The Federal Railroad Administration has awarded over 238 rail projects under the BIL, including a $2 million grant to the city of Burlington in my district for railroad crossing elimination. FRA is working with communities to develop or enhance 69 intercity passenger rail corridors nationwide.

Yet much of the BIL discretionary rail funding is subject to appropriation—and therefore at the mercy of caps and cuts—because rail does not have a dedicated revenue source.

The cuts to Amtrak in the FY24 House Republicans THUD bill, which stalled consideration of the bill in the House last fall, demonstrate that this Committee will have to remain vigilant to protect investment in rail.

Infrastructure investment means jobs.

Ensuring that infrastructure benefits reach all communities requires a strong working relationship among federal, state, regional, and local government partners.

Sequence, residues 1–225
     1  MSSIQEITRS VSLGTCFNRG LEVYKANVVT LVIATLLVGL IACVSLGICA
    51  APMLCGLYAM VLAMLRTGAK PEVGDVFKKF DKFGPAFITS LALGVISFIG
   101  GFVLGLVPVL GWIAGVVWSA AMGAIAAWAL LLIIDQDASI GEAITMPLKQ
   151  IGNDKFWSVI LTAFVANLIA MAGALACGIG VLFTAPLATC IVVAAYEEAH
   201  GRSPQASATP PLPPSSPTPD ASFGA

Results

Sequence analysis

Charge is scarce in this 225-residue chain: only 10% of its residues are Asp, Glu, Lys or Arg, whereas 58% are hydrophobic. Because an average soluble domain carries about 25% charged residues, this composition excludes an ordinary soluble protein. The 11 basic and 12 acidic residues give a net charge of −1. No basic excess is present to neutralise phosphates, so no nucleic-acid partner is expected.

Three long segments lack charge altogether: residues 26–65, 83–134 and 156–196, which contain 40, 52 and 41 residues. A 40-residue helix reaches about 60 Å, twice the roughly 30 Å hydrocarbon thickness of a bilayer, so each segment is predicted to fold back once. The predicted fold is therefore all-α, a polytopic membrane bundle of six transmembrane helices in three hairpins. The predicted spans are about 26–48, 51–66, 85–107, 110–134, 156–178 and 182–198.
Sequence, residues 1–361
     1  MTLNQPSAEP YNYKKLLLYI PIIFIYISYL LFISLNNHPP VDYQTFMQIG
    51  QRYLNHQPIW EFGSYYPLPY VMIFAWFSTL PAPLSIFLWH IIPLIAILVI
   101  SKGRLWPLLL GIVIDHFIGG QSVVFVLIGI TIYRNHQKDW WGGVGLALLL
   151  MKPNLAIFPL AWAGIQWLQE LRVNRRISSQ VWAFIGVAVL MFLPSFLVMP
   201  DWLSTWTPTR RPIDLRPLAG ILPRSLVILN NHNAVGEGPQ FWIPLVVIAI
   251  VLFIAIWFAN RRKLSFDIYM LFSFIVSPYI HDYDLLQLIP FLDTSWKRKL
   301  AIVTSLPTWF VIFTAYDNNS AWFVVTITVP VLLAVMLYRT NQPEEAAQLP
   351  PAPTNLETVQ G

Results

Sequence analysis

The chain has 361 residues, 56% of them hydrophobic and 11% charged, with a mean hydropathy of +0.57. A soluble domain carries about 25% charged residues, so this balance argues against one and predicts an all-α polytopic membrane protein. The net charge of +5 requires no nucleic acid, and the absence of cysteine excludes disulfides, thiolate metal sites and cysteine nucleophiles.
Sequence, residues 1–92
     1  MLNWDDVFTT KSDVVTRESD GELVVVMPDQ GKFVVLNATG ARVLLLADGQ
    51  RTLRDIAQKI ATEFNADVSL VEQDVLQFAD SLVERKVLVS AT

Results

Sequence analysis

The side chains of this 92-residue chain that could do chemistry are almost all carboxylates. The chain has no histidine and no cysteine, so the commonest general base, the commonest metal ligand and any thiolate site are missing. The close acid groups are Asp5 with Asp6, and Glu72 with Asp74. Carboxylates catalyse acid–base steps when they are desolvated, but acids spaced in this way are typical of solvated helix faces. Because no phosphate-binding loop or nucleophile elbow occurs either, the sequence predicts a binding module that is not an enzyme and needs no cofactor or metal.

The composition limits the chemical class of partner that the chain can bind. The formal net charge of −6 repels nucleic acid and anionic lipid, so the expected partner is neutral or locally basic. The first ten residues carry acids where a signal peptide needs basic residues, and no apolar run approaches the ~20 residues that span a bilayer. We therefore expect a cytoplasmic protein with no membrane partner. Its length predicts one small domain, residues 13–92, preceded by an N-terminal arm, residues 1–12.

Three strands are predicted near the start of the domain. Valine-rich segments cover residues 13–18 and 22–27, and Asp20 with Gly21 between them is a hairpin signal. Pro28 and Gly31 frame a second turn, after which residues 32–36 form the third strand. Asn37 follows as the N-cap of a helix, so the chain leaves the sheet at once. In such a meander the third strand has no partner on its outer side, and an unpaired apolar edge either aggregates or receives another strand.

My state of Washington has a robust process to distribute transportation dollars to all areas, including rural counties and communities in my district. WSDOT leads the process of partnering with local governments and passing through federal transportation dollars with a lot of input from state legislators. Distribution of transportation funding through the state legislature further supports the reach into communities.

As a result, we have seen success in addressing transportation needs in my district and other districts across the state.

This collaboration further supports success in the competitive grant process. Local governments, including Whatcom and Skagit counties, and Tribes, such as the Lummi Nation, in my district in Washington State have successfully applied for and been awarded grants.

In all, Washington’s Second Congressional District has received more than $120 million in competitive grants from the BIL. So, it can happen.

We are only two years through a five-year bill, which means there is more to come—more projects, more jobs, more safety improvements, more pollution reduction, and more communities uplifted.

Congress directed investments in the BIL to address climate change and reduce carbon pollution. We directed investments to improve safety and equity outcomes on our transportation networks. And we put more decision-making power into the hands of local communities, who know their needs best.